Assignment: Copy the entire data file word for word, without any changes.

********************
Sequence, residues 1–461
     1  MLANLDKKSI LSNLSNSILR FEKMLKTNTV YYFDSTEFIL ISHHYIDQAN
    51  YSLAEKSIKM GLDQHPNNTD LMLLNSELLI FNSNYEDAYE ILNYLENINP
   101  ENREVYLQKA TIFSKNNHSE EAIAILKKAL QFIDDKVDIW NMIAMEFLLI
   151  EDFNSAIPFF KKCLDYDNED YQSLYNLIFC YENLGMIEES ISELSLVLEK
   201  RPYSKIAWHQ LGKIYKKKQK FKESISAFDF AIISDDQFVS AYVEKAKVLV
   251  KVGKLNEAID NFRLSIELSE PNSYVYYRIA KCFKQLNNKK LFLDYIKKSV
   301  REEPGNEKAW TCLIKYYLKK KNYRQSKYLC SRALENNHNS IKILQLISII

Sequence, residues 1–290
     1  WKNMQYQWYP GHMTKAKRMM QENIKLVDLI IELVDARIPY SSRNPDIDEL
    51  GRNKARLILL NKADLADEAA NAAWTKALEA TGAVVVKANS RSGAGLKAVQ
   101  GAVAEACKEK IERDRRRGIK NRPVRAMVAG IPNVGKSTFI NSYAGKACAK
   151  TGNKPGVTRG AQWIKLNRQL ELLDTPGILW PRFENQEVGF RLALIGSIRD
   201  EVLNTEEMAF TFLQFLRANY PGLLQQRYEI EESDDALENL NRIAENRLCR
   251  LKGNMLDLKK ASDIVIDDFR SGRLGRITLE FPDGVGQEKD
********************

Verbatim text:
Sequence, residues 1–461
     1  MLANLDKKSI LSNLSNSILR FEKMLKTNTV YYFDSTEFIL ISHHYIDQAN
    51  YSLAEKSIKM GLDQHPNNTD LMLLNSELLI FNSNYEDAYE ILNYLENINP
   101  ENREVYLQKA TIFSKNNHSE EAIAILKKAL QFIDDKVDIW NMIAMEFLLI
   151  EDFNSAIPFF KKCLDYDNED YQSLYNLIFC YENLGMIEES ISELSLVLEK
   201  RPYSKIAWHQ LGKIYKKKQK FKESISAFDF AIISDDQFVS AYVEKAKVLV
   251  KVGKLNEAID NFRLSIELSE PNSYVYYRIA KCFKQLNNKK LFLDYIKKSV
   301  REEPGNEKAW TCLIKYYLKK KNYRQSKYLC SRALENNHNS IKILQLISII

Sequence, residues 1–290
     1  WKNMQYQWYP GHMTKAKRMM QENIKLVDLI IELVDARIPY SSRNPDIDEL
    51  GRNKARLILL NKADLADEAA NAAWTKALEA TGAVVVKANS RSGAGLKAVQ
   101  GAVAEACKEK IERDRRRGIK NRPVRAMVAG IPNVGKSTFI NSYAGKACAK
   151  TGNKPGVTRG AQWIKLNRQL ELLDTPGILW PRFENQEVGF RLALIGSIRD
   201  EVLNTEEMAF TFLQFLRANY PGLLQQRYEI EESDDALENL NRIAENRLCR
   251  LKGNMLDLKK ASDIVIDDFR SGRLGRITLE FPDGVGQEKD